McMaster University

McMaster University

McMaster hosts RNAO smoking cessation workshop

By Amanda Boundris
Published: January 26, 2012
Nursing students participate in smoking cessation workshop Nursing students participate in a smoking cessation workshop
Leading the smoking cessation workshop at McMaster on January 21, from left: Nancy Bauer, RNAO  champions facilitator, Nursing Best Practice Guidelines Program; Jan Johnston, Tobacco Control Program, Healthy Living Nursing students participate in a smoking cessation workshop at McMaster on January 21. Division, Public Health Services, City of Hamilton; and Paige Hillier, Ontario Smoking Cessation project assistant, RNAO.

On January 21 the McMaster School of Nursing (SON) hosted a free, day-long workshop for nursing students to become champions for smoking cessation.

The workshop was offered by the Registered Nurses Association of Ontario (RNAO) and Hamilton Public Health Services, and was attended by over 60 students from the McMaster University, Conestoga College, and Mohawk College sites of the Bachelor of Science in Nursing (BScN) Program.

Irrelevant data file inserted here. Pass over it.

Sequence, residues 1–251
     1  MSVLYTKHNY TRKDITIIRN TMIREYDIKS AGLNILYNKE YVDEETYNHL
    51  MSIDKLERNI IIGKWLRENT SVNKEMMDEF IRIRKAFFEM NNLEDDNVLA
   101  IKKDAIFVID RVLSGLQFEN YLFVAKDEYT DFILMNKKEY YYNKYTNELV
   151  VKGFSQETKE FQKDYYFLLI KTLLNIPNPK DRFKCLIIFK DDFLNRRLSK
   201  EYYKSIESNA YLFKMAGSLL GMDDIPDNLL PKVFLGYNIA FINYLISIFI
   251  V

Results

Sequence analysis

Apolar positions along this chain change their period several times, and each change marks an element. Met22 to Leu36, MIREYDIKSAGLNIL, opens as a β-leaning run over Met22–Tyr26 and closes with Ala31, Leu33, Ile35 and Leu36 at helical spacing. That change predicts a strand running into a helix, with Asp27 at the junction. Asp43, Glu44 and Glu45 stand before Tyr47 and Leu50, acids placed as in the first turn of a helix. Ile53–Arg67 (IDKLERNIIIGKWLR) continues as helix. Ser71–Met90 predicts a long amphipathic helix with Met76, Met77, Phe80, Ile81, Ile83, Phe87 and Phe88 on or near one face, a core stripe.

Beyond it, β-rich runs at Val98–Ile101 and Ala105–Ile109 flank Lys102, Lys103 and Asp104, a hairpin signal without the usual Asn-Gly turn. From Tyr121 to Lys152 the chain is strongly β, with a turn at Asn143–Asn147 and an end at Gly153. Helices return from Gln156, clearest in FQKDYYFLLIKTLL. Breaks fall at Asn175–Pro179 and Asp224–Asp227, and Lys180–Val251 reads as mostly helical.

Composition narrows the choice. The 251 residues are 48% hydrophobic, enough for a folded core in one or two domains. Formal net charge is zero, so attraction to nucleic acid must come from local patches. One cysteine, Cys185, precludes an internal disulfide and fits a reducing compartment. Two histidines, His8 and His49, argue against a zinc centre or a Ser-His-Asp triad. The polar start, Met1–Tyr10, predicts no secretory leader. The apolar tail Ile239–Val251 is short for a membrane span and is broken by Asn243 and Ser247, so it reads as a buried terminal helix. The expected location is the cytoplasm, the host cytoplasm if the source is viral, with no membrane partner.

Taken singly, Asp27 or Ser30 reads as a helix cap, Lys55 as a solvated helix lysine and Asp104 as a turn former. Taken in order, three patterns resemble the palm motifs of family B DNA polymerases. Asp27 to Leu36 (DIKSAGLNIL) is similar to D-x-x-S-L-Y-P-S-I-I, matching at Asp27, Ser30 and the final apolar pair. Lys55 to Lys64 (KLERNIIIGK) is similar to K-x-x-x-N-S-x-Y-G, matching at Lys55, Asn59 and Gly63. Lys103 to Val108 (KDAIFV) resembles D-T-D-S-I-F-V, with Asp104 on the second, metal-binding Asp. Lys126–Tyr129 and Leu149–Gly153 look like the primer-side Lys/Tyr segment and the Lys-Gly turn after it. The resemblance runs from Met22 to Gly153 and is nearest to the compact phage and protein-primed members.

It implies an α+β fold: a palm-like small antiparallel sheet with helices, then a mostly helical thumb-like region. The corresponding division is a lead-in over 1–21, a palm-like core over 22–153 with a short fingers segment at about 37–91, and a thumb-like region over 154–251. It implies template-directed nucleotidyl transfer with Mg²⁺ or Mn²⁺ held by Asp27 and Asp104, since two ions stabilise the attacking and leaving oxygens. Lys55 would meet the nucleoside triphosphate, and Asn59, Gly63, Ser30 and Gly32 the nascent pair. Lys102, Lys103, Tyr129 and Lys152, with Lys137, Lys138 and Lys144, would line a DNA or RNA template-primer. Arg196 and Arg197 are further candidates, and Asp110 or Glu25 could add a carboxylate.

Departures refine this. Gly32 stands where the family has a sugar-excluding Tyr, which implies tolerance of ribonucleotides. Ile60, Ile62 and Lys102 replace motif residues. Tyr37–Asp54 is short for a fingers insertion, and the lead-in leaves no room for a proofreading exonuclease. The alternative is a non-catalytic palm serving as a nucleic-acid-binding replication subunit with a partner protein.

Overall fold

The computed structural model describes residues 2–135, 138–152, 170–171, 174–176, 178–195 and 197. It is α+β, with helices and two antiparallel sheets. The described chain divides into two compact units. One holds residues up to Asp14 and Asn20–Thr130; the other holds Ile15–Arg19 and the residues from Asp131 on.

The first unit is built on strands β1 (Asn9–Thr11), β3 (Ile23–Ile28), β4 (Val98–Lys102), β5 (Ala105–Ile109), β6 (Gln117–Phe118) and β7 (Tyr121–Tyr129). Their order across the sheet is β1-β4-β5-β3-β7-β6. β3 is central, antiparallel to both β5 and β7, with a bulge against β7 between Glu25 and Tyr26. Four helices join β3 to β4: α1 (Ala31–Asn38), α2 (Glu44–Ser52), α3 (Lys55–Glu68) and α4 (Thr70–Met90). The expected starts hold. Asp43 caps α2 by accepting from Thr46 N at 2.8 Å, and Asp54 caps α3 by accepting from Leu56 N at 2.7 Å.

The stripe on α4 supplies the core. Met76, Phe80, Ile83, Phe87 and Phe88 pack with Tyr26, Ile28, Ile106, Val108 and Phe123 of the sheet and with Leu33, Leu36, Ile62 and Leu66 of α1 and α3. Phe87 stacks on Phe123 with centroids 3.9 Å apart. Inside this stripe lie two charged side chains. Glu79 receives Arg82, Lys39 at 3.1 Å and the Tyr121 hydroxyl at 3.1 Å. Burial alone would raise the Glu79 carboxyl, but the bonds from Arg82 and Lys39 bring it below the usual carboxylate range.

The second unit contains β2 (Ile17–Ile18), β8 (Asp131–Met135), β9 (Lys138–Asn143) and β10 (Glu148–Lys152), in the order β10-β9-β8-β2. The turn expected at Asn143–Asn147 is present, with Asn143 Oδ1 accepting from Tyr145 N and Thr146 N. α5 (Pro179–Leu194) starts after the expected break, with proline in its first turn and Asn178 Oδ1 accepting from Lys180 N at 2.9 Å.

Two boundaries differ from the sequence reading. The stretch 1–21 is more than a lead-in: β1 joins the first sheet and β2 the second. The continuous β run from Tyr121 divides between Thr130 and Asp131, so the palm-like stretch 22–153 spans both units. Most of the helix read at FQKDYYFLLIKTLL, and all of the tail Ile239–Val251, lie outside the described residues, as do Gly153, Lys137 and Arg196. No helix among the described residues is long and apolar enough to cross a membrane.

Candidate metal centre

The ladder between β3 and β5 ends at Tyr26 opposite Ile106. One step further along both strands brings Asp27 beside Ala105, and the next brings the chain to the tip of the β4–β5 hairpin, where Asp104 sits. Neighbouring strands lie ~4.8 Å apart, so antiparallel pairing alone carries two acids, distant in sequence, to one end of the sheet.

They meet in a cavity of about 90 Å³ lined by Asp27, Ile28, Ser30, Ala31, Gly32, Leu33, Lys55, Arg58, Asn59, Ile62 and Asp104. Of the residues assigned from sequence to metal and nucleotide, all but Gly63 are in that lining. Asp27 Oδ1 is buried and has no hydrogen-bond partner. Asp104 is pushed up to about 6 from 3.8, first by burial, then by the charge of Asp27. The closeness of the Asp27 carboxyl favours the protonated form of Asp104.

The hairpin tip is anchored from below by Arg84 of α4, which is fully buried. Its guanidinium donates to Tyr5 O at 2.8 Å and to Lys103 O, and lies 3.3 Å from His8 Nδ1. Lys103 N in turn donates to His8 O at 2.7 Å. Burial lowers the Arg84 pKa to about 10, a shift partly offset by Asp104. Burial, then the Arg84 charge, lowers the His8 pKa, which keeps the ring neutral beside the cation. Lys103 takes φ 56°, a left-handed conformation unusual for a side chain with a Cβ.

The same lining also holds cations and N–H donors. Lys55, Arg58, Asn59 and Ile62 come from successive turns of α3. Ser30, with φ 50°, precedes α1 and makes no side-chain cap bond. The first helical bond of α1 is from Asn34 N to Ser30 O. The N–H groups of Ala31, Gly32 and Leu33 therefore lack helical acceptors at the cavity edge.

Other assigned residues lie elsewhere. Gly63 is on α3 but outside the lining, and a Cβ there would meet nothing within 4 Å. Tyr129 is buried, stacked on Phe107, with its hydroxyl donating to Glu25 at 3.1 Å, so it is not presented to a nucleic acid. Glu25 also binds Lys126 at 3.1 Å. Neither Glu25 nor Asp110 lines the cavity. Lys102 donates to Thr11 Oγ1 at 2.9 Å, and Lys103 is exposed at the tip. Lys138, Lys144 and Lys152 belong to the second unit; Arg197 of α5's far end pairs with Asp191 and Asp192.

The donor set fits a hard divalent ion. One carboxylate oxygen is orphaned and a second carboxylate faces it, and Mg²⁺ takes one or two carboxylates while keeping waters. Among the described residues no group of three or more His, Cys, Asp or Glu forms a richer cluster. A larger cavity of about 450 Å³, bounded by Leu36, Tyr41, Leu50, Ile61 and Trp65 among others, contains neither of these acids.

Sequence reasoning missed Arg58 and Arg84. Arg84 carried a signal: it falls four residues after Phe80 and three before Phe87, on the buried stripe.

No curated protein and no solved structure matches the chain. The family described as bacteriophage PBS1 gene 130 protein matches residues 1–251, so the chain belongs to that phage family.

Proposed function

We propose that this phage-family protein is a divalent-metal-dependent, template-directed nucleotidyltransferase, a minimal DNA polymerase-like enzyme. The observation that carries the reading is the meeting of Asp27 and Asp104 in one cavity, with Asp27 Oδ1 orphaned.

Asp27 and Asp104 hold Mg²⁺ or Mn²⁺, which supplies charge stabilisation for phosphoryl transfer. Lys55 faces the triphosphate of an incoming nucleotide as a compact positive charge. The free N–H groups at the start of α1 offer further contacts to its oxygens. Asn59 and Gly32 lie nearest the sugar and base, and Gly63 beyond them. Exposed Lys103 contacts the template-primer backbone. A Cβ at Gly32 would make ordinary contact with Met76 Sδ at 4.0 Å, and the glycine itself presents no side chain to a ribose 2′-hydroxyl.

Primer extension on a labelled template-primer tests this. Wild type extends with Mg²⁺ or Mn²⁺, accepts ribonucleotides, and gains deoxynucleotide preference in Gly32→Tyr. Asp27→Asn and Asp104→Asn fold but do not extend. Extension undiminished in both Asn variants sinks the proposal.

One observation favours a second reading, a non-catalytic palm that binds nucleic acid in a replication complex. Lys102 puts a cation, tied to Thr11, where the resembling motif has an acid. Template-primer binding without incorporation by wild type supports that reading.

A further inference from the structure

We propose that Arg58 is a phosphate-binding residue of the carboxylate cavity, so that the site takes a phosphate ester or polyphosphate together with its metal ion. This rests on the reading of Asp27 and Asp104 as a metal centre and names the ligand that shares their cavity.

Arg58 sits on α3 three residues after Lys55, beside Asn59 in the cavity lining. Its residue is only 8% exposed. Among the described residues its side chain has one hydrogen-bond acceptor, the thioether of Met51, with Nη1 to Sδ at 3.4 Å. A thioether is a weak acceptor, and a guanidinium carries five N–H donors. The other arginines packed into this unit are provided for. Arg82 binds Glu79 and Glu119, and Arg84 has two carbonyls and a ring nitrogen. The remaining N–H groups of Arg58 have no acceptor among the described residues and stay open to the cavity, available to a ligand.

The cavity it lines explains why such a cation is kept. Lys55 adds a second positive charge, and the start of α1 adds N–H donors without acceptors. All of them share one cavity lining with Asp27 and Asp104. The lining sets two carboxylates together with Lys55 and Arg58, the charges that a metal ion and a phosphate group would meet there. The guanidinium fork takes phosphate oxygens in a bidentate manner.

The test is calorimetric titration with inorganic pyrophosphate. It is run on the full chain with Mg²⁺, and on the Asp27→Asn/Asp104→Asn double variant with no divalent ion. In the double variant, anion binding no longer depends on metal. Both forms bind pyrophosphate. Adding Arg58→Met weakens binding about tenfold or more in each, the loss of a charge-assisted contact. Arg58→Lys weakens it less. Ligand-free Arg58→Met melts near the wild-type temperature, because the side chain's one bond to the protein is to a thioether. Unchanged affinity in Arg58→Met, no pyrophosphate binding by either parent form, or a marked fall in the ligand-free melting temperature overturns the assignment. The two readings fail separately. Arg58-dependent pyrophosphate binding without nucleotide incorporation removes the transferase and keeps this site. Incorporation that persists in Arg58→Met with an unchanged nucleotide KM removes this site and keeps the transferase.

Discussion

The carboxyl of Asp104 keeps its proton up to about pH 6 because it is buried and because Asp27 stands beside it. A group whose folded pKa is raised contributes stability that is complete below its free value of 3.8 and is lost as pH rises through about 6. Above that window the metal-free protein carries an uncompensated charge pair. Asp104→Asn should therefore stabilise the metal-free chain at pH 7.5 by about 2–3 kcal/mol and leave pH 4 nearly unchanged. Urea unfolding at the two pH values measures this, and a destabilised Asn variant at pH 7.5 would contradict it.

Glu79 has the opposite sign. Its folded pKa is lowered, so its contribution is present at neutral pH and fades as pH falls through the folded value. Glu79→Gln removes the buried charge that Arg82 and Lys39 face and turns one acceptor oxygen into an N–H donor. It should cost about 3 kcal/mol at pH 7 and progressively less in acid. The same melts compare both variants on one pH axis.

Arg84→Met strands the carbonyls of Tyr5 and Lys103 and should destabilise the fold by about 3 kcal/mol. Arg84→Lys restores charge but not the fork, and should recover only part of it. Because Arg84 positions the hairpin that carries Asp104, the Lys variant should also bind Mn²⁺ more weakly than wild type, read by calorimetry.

The RNAO had contacted Assistant Professor Tracey Jewiss to see if the School would be interested in hosting the workshop.

"Considering we introduce smoking cessation in the BScN curriculum in Level I it would help translate their learning into practice,' said Jewiss. "The students could become champions for smoking cessation with their patients, families and friends."

At the event students learned proven effective smoking cessation counseling techniques and intervention strategies for dealing with patients. They also received tools and resources to help with implementation of evidence-based practice, and gained access to a network of best practice guideline champions for ongoing consultation and resources.

Workshop officials said they were "impressed with the level of interest demonstrated by McMaster students."

Nurses see a large number of clients affected by the negative health consequences of tobacco use. According to the Heart and Stroke Foundation, smoking contributes to more than 37,000 deaths a year in Canada, and almost 6,300 non-smokers die each year from exposure to second-hand smoke. If current rates of tobacco use continue, approximately one million Canadians will die over the next 20 years as a direct result of smoking and second-hand smoke.

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